“They have the code. He is the key.”
Directed by Boaz Yakin
Starring Jason Statham and Catherine Chan
Mei (Chan) is a 12 year old mathematical prodigy, kidnapped by the Chinese mob to calculate and memorise their financial operations in New York. When she is re-kidnapped by, but escapes from, the Russian mob, she discovers an unexpected protector in the form of down-and-out former cage fighter, Luke Wright (Statham).
Mei has a number in her memory, the code to a safe that is key to an exchange of a vast sum of money for a blackmail disc. The disc was put together by the Mayor of New York (Chris Sarandon) and the exchange is his retirement fund. Among the material on the disc are details of an anti-organised crime taskforce, which secretly included two black ops assassins: the mayor’s aide, Alex Rosen (Anson Mount), and Luke Wright.
With the Russians, the Chinese, and every corrupt cop in New York after Mei, Luke will need every move in his arsenal to protect her and find redemption.
What’s wrong with it?
Wright’s backstory is frankly laughably complex mish-mash of plots from other, usually better movies: He is assigned to join a police taskforce while also moonlighting as an off-book gangster-killing assassin (LA Confidential), ratted out corruption in his unit and got it shut down (Lorenzo Lamas vehicle Renegade), sought some sort of atonement taking a beating in cage fights (X-Men), killed an unskilled opponent (Pulp Fiction) and had his pregnant wife murdered (Death Race). The Russian mob’s punishment was to leave him alive, but kill anyone he ever gets close to, because nothing sends a message like pissing resources down the drain keeping tabs on a down and out whom you think is just a cage fighting garbage man.
The central plot is equally nonsensical. There are frankly easier ways to communicate the coded combination of a safe.
I’m actually unsure whether the film indulges in a little old school homophobia, or if Alex actually is the Mayor’s boyfriend. It’s a little unclear. Maybe we’re in a yay gay villains situation?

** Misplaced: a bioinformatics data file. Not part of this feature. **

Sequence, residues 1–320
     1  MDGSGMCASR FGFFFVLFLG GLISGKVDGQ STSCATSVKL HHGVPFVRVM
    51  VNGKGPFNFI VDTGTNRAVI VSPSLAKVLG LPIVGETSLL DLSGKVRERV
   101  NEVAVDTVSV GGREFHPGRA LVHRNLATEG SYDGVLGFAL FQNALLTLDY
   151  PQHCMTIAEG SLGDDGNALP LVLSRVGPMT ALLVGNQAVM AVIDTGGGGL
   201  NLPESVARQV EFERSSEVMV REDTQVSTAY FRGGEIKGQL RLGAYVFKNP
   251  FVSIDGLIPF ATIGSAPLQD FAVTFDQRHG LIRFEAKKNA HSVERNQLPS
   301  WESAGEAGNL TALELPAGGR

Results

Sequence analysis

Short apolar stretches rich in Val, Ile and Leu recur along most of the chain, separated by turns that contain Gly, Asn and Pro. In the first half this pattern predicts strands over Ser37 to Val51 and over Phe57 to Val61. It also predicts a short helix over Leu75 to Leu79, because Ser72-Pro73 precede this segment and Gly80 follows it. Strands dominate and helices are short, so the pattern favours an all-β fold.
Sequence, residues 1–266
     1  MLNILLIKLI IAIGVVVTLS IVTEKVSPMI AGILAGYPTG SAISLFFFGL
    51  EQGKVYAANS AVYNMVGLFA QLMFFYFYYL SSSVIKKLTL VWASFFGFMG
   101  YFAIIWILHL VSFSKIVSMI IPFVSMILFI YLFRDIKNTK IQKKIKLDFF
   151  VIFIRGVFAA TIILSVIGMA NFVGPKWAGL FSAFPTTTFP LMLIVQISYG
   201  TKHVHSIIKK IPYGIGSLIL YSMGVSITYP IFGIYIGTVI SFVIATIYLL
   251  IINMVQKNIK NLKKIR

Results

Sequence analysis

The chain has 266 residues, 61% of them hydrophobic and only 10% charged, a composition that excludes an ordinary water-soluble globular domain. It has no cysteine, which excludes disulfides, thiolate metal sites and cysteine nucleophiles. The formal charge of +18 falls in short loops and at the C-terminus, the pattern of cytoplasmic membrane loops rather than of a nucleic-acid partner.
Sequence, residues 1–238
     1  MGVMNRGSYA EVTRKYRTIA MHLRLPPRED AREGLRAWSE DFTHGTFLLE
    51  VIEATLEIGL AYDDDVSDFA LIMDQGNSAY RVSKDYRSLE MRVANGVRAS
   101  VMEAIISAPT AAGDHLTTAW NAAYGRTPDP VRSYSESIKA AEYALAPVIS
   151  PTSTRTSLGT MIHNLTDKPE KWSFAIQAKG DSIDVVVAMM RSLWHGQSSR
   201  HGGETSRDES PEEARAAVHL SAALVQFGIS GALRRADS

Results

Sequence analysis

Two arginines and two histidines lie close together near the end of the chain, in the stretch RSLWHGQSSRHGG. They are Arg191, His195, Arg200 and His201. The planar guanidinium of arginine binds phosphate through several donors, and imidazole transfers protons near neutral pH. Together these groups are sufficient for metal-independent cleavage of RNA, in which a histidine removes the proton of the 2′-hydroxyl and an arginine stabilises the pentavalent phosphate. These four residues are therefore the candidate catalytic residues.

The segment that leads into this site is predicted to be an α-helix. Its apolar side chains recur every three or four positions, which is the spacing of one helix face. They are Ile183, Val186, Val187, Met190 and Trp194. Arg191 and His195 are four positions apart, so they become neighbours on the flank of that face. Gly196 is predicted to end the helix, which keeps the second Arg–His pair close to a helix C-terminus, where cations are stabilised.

Watching a fight-heavy Jason Statham film is like an endurance fight, with each punch wearing down your willingness to go on watching.
What’s right with it?
If we are yay gay villains, then props for not having any UST between Luke and Alex, and declining any homophobic last lines. Also for having one of the film’s gay characters be the Mayor’s unstoppably bad ass dragon.
Mei walks the fine line between precocious sass and saccharine, with Chan playing her old-before-her-time understanding of the world, coupled with the bitterness of one who is aware that it’s not fair that she does understand this stuff, effectively.
Also, props for having the mathematical genius not be autistic.
The total bypassing of the climactic fight scene is a blessed relief.
How bad is it really?
It’s just a grind, really, with nothing much in the way of heart and humour to lift the relentless thwack of fist on mook. When push comes to shove, more interaction between Luke and Mei would have helped a lot.
Best bit (if such there is)?
Discovering that his wife is already dead, Luke simply walks back out of the (unseen) bedroom and kneels down with his hands behind his back as the Russians emerge behind him. It’s surprisingly powerful for such a run-of-the-mill film, in part because it’s so restrained, and in part because Statham does do weary rather well. Sadly, once the Russians start talking it all goes downhill in a welter of ostentatiously diabolical dialogue.
What’s up with…?
- The Chinese mob running all of their operations through one little girl? Off-site backups were not invented purely for computers.
- The Chinese giving the combination to their safe (which is right inside one of their casinos) to the Mayor with a promise to send the code when they have the disc, when the code is so simple that Wright has already cracked it?
Production values – Given how much of the film is set at night, everything is very visible, and the fast editing stops just short of being nauseating. In essence, the production is distinguished more by lack of faults than by virtues. 10
Dialogue and performances – This is an extremely professional cast; no-one is outstanding (okay; James Hong,) but no-one is terrible either. I’m not sure I can say the same for the writing, which does spend a fair time in clicheville. 12
Plot and execution – While nominally simple, the plot is actually both overly complicated and riddled with nonsense. Yakin handles the mess with style, but it’s still a mess. 11
Randomness – There is a lot of ‘oh, by the way’ involved in this film. “I’m not a garbage man.” “There’s only one man can take him down.” “The Mayor is actually gay.” It’s not quite standard issue randomness, but it’s a sufficiently egregious use of retrospective tell-not-show exposition that I count it. 14
Waste of potential – It’s dumb, but it’s an action movie from the tail end of the golden age of Statham; that it doesn’t blow like a Kansas farmhouse is a miracle. 5